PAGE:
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My parents had left Somalia before the start of the civil war, and they only had good memories of the place they had called home all their lives. This changed very quickly , as the civil war completely devastated Somalia, a country with a capital that was once hailed the ‘pearl of the Indian Ocean’. I received a Bachelor’s degree in Medical pharmacology from Coventry University where I gained an appreciation for the methodical and rigorous guidelines pharmaceutical companies in the UK must adhere to, thus ensuring consumer safety. Subsequently, I then completed a master’s degree in Global Health and Development at the University College London, where I was able to use my prior knowledge of pharmacology to understand the significance that access to safe, quality medicines have on health systems. My background gave me a unique perspective on the burgeoning health issues around the world. As a first-generation child of immigrants, my Somali heritage and culture were always very close to me , thus it was important for me to write my Master’s thesis on Somalia.
I had heard countless stories from my parents and family friends about people in Somalia who had been fallen ill and used medication they purchased from unlicensed pharmacies and subsequently became worse or even died. This deeply disturbed me and inspired me to delve into Somalia’s pharmaceutical industry. My initial thesis topic was looking at how the unregulated pharmaceutical industry in Somali impacted key health indicators in the country. However, after a preliminary bibliographic search, it was apparent that there was a lack of research and data on this topic. It was very disheartening for me to see , however, it also made me understand that since there was not enough research to base a thesis on, there definitely was not enough to base well-informed health policies on. Consequently, I then revised my research question to look at health system in failed and fragile states, with Somalia following the 1991 civil war as a case study. My research yielded a lot of harsh truths about the current state of Somalia’s ailing pharmaceutical industry and of the health system as a whole.
The current private, unregulated health system has resulted in widespread imports of cheap counterfeit and substandard medicines. Local pharmacies and laboratory services in Somalia have been rapidly expanding as a cheaper alternative to seeking medical services at licenced and certified health centres and pharmacies. UNICEF conducted interviews with healthcare providers in Somalia in 2012 and reported that the majority of pharmacies did not check the quality of pharmaceutical products they had procured. Furthermore, serial numbers and batch numbers were not regularly referenced to ensure that they had received the correct shipment. If quality assurance checks were carried out, the most that would happen would be pharmacy workers confirming that brand names were spelled correctly, and the overall general impressions were ‘good’. A combination of low literacy rates, poor health literacy and low health seeking behaviour levels, made patients more susceptible to ignoring medical advice given by their healthcare workers or to not seek advice on the administration and dosage regiments entirely.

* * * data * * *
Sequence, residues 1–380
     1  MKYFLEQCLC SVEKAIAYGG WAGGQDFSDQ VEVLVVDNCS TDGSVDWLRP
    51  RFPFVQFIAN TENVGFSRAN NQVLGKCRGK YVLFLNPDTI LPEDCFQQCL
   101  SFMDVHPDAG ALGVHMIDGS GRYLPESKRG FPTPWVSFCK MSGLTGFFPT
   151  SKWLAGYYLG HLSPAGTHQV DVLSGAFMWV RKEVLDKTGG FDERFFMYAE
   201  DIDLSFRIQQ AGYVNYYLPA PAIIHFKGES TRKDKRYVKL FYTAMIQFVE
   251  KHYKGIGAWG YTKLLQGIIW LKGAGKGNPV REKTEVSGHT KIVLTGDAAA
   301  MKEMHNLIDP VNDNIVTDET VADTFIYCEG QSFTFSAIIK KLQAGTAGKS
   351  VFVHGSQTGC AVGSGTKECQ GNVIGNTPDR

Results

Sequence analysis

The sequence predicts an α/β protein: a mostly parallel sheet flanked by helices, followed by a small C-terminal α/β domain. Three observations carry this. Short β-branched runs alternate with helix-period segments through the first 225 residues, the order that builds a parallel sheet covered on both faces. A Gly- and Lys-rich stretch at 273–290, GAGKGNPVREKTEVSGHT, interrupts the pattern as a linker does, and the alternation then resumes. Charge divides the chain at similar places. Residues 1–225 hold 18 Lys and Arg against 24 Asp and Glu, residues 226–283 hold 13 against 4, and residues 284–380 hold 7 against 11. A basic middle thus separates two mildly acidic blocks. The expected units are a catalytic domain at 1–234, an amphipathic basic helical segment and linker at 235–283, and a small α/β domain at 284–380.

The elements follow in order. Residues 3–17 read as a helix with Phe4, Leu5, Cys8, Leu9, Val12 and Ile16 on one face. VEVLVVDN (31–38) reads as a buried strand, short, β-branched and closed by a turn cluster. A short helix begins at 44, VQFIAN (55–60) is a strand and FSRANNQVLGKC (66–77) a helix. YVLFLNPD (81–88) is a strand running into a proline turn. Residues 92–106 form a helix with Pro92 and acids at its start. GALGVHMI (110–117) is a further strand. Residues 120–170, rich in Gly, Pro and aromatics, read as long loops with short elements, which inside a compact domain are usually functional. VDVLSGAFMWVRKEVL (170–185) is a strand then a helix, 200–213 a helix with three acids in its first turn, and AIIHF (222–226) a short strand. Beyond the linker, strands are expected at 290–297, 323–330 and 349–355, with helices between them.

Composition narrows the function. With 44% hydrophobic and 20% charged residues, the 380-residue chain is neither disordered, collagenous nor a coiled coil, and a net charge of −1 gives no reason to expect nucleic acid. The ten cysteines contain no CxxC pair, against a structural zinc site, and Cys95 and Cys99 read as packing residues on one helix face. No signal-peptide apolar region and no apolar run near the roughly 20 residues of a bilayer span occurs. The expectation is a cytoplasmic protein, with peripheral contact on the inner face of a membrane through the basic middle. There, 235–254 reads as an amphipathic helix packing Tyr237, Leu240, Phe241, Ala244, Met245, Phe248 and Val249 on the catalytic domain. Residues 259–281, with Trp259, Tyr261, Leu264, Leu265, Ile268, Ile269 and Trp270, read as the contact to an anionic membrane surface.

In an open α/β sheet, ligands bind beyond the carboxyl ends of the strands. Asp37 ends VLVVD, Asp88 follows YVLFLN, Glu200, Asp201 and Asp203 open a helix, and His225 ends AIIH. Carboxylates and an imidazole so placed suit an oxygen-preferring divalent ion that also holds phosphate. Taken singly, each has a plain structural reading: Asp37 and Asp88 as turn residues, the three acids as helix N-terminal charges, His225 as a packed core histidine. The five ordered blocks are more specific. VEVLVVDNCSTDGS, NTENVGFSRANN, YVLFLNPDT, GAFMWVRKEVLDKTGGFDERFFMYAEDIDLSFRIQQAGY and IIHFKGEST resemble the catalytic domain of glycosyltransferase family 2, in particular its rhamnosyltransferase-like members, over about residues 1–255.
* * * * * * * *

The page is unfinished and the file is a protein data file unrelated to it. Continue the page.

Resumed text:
Over the counter medication that patients receive from local pharmacies cannot be regulated and controlled and therefore are not always effective or safe. The usage of these unregulated medicines can be very detrimental and, in some cases fatal. For patients, the lack of regulation allows importers and their international distributers to use Somalia as a pharmaceutical dumpsite for their expired and falsified medications. Dr Dufle, a physician who runs one of the largest private hospitals in Mogadishu said in a recent article that falsified medicines are “worse than bombs, because a bomb kills 10 or 20 people. But these drugs can kill hundreds of people and no one will hear about it”. This profound statement emphasized the magnitude of despair caused by falsified and counterfeit medications in Somalia.
Somali health officials have acknowledged that there is a wide scale problem in accessing safe medicines, however without firstly strengthening the healthcare system, it would be near impossible to provide safer alternative methods to procuring medical products. However, due to a myriad of contributing factors that stem from a poorly funded and weakened healthcare system, it is not feasible to attempt to change this without implementing regulatory policies and investing in the necessary technology and personnel.
This is why campaigns like Fight The Fakes are particularly important in low resource settings, as they are able to raise awareness on this detrimental issue that is very often overlooked. They are able to focus on advocacy and bringing in multi-sectoral stakeholders to the discussion without being anchored down by the never-ending tides of politics in healthcare. My work at Fight The Fakes has allowed me to bring my passion of Global Health and my unwavering hope of a better Somalia to fruition.
Nabina Ibrahim, Fight the Fakes Secretariat
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